TORONTO – Friday, October 23 marked the first-ever national symposium for Filipino-Canadian scholars.
Academics drawn from across the humanities and social sciences came to the University of Toronto’s (U of T) Ontario Institute for Studies in Education to discuss challenges facing Filipinos in Canada and their underrepresentation in public life despite being Canada’s fourth largest visible minority group.
“As far as I know there are only seven professors of Filipino descent across Canada,” said U of T professor Roland Sintos Coloma, symposium organizer and featured presenter.
The all-day symposium, entitled “Spectres of In/visibility: Filipina/o lives in Canada,” was organized by the Kritikal Kolektibo, a year-old research group of U of T faculty and graduate students. It featured nearly 20 presenters and performers.
As a first conversation for the Fil-Can academic community, the symposium covered a lot of ground in a short period of time, touching on political participation for migrants in Canada, representations of youth violence in the media, queer Filipino issues, and the role of the arts in community activism. The Daily caught up with a few of the presenters and participants afterwards to further explore some of the points addressed at the symposium.
Filipino migration and Canadian economic interests
The first wave of Filipino migration to Canada began in the sixties. Valerie Damasco, a U of T PhD student in the Department of Adult Education and Counselling Psychology, discussed the findings of her Masters research on Canadian recruitment of Filipino nurses during that time. Her findings suggest Canada had a vested interest in recruiting Filipino health care professionals during the nursing shortage in the sixties.
Moreover, Damasco’s research supported the idea, echoed throughout the day’s presentations, that Canada’s economic needs drove Filipino migration to this country, not just the introduction of the point system or the political and economic crises in the Philippines
Yet coexistent with the need for Filipino labour were discriminatory practices that set barriers in their path once they got here – a paradoxical situation that reflects the conditions immigrants face today.
“The Ontario College of Nurses were very reluctant to bring over health care professionals from the Philippines,” Damasco explained. “They were more interested in bringing over nurses from Europe.”
There is a collective amnesia about the history of Filipino migration to Canada. When Damasco asked a spokesperson from the Ontario Nurse’s Association for information about the recruitment of health care professionals during the sixties, the representative replied that Filipino nurses didn’t enter the country until the eighties and nineties as domestic workers and personal support workers.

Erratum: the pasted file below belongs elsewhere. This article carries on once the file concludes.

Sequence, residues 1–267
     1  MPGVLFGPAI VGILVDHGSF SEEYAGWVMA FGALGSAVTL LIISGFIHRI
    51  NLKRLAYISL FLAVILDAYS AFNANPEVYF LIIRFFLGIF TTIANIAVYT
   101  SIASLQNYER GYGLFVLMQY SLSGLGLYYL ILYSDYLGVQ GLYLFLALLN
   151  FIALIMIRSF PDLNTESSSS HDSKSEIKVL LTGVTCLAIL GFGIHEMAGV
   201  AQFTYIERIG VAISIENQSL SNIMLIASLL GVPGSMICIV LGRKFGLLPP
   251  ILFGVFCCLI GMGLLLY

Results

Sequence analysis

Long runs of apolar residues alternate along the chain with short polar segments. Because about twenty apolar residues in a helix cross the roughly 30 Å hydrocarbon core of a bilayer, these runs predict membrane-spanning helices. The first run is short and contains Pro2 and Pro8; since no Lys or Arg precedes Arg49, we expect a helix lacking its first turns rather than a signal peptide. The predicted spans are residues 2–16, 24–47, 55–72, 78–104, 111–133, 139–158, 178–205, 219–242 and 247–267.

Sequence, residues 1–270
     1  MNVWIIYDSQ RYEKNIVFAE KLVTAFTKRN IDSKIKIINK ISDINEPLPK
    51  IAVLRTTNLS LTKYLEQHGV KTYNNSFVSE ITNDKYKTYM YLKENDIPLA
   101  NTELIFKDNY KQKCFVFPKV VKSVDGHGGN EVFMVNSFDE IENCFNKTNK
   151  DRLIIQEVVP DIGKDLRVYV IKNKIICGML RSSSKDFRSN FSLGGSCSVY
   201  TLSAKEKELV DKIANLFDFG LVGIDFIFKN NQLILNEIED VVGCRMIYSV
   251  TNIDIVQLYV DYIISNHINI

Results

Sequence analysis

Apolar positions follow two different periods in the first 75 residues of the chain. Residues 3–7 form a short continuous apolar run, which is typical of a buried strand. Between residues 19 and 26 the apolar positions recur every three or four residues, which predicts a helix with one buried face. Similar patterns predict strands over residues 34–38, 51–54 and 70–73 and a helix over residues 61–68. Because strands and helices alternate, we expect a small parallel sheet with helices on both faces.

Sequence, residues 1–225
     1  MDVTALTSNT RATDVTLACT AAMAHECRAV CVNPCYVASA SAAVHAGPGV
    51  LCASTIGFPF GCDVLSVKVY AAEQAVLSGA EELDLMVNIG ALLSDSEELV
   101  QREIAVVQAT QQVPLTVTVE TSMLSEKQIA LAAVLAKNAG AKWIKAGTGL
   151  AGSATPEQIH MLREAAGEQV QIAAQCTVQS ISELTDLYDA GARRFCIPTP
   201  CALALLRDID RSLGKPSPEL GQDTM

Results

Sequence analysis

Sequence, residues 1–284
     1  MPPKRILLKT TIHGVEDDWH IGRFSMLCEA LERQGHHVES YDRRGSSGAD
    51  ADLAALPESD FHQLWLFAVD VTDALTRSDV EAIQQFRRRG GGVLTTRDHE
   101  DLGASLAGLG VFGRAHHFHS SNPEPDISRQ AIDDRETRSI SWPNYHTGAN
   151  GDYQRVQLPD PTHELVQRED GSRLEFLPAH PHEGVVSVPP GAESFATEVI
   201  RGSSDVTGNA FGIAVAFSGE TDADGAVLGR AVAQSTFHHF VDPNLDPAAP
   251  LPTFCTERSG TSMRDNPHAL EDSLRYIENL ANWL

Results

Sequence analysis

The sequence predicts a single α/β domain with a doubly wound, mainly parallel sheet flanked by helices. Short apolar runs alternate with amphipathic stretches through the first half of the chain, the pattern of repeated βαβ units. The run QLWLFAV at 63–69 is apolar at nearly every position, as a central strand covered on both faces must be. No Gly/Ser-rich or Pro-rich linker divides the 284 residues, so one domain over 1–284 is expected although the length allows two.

Coloma presented a paper discussing how Filipinos have been written out of Canadian history textbooks, grouped together with other Asian groups in ways that mask the conditions of Filipino life in Canada. He drew parallels between the current experience of Filipino women in the Live-in Caregiver Program and that of Black Caribbean women in the forties, fifties, and sixties, who also occupied domestic work and caregiver roles.
“If we can connect this to increasing numbers of Latinos and Caribbeans coming through temporary agricultural and service sector work, this starts disrupting certain ways we analyze race and multiculturalism in Canada,” Coloma said.
The Live-in Caregiver Program: scrap vs. review
Heated discussion followed the screening of Scrap the Live-in Caregiver Program, a documentary made by members of the Filipino-Canadian Youth Alliance, that shed light on internal divides within the community surrounding the LCP. The film documented the ripple effects that the exploitative nature of the program has for generations of Filipinos coming to Canada, including the periods of family separation involved, which contribute to young people’s difficulties integrating and high high school dropout rates.
Nora Angeles, a professor of Community and Regional Planning and Women’s and Gender Studies at the University of British Columbia, called for review and reform of the program rather than scrapping. “There are only so many doors to immigration into Canada. If we close this door, will there be other ones open?”
Cecilia Diocson, founder of the Philippine Women’s Centre of Vancouver, countered that the program constitutes a form of modern-day slavery.
“People don’t openly ask: is it worth it? Is the violence, is the abuse worth being able to send money to the Philippines to save their families… worth it in terms of being overworked and underpaid? … Some would say it isn’t worth it because ultimately it is about dehumanization – and others would say perhaps it’s not completely worth it, but what are the alternatives?” Coloma asked.
Toward engaged scholarship
Audience members at the symposium left thinking about how to bridge the gap between academia and the concerns of their communities.
Jennilee Austria, a school settlement worker in Rexdale-Etobicoke high schools, who focuses on helping Filipino newcomers, encouraged the academics present to support her students in the classroom, and to work with Filipino youth on a more case-specific basis.
Alex Felipe, who works with the Kapisanan Centre for Philippine Arts and Culture, as well as Migrante and Migrante Youth, thought there was a good deal of potential in Filipino-Canadian scholarship. He expressed the need for a stronger community presence at events like these, particularly reaching out to more live-in caregivers. “Academia, when it’s done well, speaks for the people. It compiles the voices of the people in a manner that’s suitable for academics and scholars, but it’s still the voice of the people,” said Felipe.